Still in a sort of limbo between writing projects, my plan for my three ‘free days’ last week (e.g. not doing the office job) was to:
- Draft outlines for three potential books, one being the magical one mentioned last week.
- Proof-listen to the audio book version of Murder Durnovaria.
- Start work in earnest on a recipe book I’ve been planning for a while.
For one reason and another, I only managed number three, and my long suffering (his words not mine) husband has been playing guinea pig again.
My first proper job involved working in a bookshop/coffeeshop. My then manager/friend/housemate, properly trained in catering college, was mesmerised by the way I cooked while muttering to myself, ‘I’ll bung some of that in, then throw in a bit of this and taste and see what happens’. She suggested I ought to write my recipes down and call it ‘The Bung and Throw Cookbook’.
I never did of course, partly because I never measured anything, and it seemed like too much work to figure things out. Besides, after twelve months, I left to work in an office and never had the urge to return to a job in catering, Nevertheless at home, I continued making up and collecting recipes. For a good length of time, cooking was my main creative outlet, whether making something complex or simply trying to produce something quick and tasty from what happened to be in the cupboard or fridge. I still think it’s a wonderful way to relieve stress – as my mind has to leave troublesome things aside while it concentrates and creates.
Then I started writing historical fiction and wondered ‘what would my characters eat?’ as I explained here. From that point, I wondered if I could create a cookbook re-imagining what Lucretia (2nd Century), Katherine Demeray (1890s) and Margaret Demeray (1910s) might have eaten (that I might like to eat too).
The books I’m working with are The Roman Cookery Book which includes recipes from nearly two thousand years ago under the name of Apicius (translated and compiled by Katherine Rosenbaum and Barbara Flower), The Best Way published in 1909 and The Women’s Suffrage Cookery Book published in 1912.
It’s harder to re-imagine the food than you might think if you don’t know old recipe books, which are all written for people who fundamentally just needed ideas, not techniques. E.g. all three books are pretty much a forerunner of the ‘Bung and Throw Cookbook’ my friend suggested I wrote all those years go.
Would I eat any of the recipes? Yes (though not all).
Can I cook them easily from the information provided? Well…
Working out recipes from The Roman Cookery Book is the hardest. Are all the herbs safe? (Or easily available?) What can I substitute for the ubiquitous garum (fermented anchovy paste)? How do I decipher some of the recipes? They mostly simply list ingredients and vague instructions without quantities or timings.
Some things are hard or undesirable to do: ‘cool in snow’, ‘remove the spines from your sea-urchin …’, ‘take your jellyfish …’, ‘best served with peacock’.
There are a lot of chicken recipes in the Roman book, but since until relatively recently a young (e.g. potentially tender) chicken was most valuable as an egg layer and hard to mass-produce, do they mean chicken or some other fowl?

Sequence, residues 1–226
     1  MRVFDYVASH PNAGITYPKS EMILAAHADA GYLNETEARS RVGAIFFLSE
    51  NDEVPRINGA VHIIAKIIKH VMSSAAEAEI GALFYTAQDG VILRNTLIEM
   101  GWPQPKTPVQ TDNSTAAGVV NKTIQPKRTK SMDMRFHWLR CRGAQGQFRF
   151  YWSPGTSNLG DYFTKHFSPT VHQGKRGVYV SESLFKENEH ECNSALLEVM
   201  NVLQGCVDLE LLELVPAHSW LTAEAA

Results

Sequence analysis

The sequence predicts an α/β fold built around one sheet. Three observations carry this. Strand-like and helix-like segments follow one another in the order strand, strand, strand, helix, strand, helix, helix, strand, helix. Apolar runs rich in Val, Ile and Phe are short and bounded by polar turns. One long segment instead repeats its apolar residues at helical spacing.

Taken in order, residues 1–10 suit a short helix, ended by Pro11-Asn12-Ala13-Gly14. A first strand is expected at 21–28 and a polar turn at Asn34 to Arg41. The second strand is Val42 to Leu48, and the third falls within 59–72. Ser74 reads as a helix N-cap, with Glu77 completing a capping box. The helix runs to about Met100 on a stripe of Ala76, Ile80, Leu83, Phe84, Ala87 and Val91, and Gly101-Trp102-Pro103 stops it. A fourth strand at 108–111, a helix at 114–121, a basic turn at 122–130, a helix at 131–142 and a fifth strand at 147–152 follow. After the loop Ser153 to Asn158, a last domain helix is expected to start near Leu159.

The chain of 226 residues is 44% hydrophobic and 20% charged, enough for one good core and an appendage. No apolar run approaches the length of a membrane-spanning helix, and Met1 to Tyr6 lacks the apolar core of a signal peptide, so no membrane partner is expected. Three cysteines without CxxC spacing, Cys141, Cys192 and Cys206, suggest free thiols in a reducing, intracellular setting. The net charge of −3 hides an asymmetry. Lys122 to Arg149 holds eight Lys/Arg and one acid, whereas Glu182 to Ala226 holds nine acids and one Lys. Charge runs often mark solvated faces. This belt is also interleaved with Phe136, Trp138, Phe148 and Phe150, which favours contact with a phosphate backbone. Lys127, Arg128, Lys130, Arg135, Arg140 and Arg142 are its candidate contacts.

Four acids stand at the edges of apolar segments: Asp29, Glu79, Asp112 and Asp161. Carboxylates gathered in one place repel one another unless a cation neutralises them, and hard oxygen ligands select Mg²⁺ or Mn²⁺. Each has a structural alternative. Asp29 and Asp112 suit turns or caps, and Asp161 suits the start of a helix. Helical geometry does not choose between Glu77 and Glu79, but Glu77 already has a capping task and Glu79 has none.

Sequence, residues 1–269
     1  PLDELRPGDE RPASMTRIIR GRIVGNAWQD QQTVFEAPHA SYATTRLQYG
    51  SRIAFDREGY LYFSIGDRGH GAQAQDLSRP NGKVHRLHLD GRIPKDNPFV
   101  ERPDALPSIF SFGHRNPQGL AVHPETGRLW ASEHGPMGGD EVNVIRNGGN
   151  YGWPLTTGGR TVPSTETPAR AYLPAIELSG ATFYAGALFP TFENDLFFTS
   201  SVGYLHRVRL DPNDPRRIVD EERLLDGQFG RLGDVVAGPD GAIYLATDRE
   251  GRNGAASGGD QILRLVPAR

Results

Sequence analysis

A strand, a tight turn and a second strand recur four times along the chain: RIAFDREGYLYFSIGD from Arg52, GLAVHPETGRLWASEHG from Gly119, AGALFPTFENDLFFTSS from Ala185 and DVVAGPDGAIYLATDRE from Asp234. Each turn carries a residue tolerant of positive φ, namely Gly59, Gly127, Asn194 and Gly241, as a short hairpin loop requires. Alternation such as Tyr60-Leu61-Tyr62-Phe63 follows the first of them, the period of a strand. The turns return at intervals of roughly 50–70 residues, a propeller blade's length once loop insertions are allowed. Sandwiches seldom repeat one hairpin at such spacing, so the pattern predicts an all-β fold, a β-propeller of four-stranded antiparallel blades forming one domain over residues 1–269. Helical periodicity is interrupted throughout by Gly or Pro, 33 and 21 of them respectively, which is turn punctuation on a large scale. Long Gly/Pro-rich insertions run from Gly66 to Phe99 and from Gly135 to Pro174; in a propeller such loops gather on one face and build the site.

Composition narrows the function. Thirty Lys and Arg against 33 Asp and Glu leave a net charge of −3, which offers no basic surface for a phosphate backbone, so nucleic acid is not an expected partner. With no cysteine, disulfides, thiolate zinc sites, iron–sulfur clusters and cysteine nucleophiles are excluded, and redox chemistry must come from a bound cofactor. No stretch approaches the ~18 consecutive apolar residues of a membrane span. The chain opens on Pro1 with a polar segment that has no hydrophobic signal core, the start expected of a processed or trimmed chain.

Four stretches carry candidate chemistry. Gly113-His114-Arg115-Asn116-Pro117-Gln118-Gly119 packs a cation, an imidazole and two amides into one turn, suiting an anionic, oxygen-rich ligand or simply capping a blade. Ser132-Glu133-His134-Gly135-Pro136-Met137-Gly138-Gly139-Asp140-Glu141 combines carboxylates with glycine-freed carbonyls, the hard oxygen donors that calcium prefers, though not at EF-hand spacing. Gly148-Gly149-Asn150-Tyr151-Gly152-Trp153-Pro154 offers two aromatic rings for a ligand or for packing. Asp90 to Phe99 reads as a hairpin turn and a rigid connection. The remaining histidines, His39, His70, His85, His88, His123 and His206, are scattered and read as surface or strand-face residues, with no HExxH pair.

The simplest way I’ve found to decipher some of them is following the wonderful Tavola Mediterranea website, but otherwise, I’m on my own.
The Suffrage Cookbook and The Best Way are more comprehensible to a modern cook. The ingredients can be easily bought (with the possible exception of brains which I don’t want to eat anyway). But some of the instructions are just as much ‘bung and throw’ as the Apicius book. ‘Enough of…’ ‘Some…’ ‘A bit…’ ‘The usual amount…’ There aren’t many chicken recipes but a fair amount for meat which is nowadays comparatively more expensive. There are more vegetarian and spicy recipes than people might think. Timings, when given, would turn most vegetables, pasta and rice into mush.
My idea is to take a selection of these recipes, work out the instructions and cook them as if Lucretia (or more likely her cook) or Katherine or Margaret would do with access to modern equipment (and less inclination to boil things for hours).
I’ve shared some deciphered recipes before here, and I’m ploughing ahead. It’ll be a long process, involving working the recipes out when necessary and then trying them on willing volunteers (mainly family).
On Saturday evening I cooked Chicken stuffed with Saccotosh (sic) for my husband and mother. Until recently, not being American, I’d honestly thought that ‘Succotash’ (along with sassafras) was a mock swearword made up by Looney Tunes, so it was interesting to find out what a British woman in 1912 – who obviously knew otherwise – had come up with.
The ingredient quantities are vague, the cooking instructions even more so. The main warning was ‘chicken should be sewn up to prevent the corn bursting out’. Anyway, I worked out what the missing details probably were, and without sewing anything or having the chicken explode, it proved delicious and was eaten to great appreciation.
On Sunday night, I made a Curry Pie. In terms of instructions, there’s sufficient filling information, but no explanation as to why it’s called pie when no pastry is referred to. But it does say to cook it in a pie-dish. So I sort of assumed the pastry and went for it. It was tasty too, but needs a bit more tweaking before I’m happy with it.
In the meantime, my husband remains the main recipient of all this experimentation. Do you think he’s insisting on cooking tonight to give me a rest, or because he’s worried that one day he’ll end up like the guy in the drawings below? Well, he’s going to make jambalaya using the leftover chicken from Saturday’s Succotash/Saccotosh recipe, so he can’t be too worried about my recipes.
Words and pictures (c) Paula Harmon 2023, not to be used without the author’s express permission.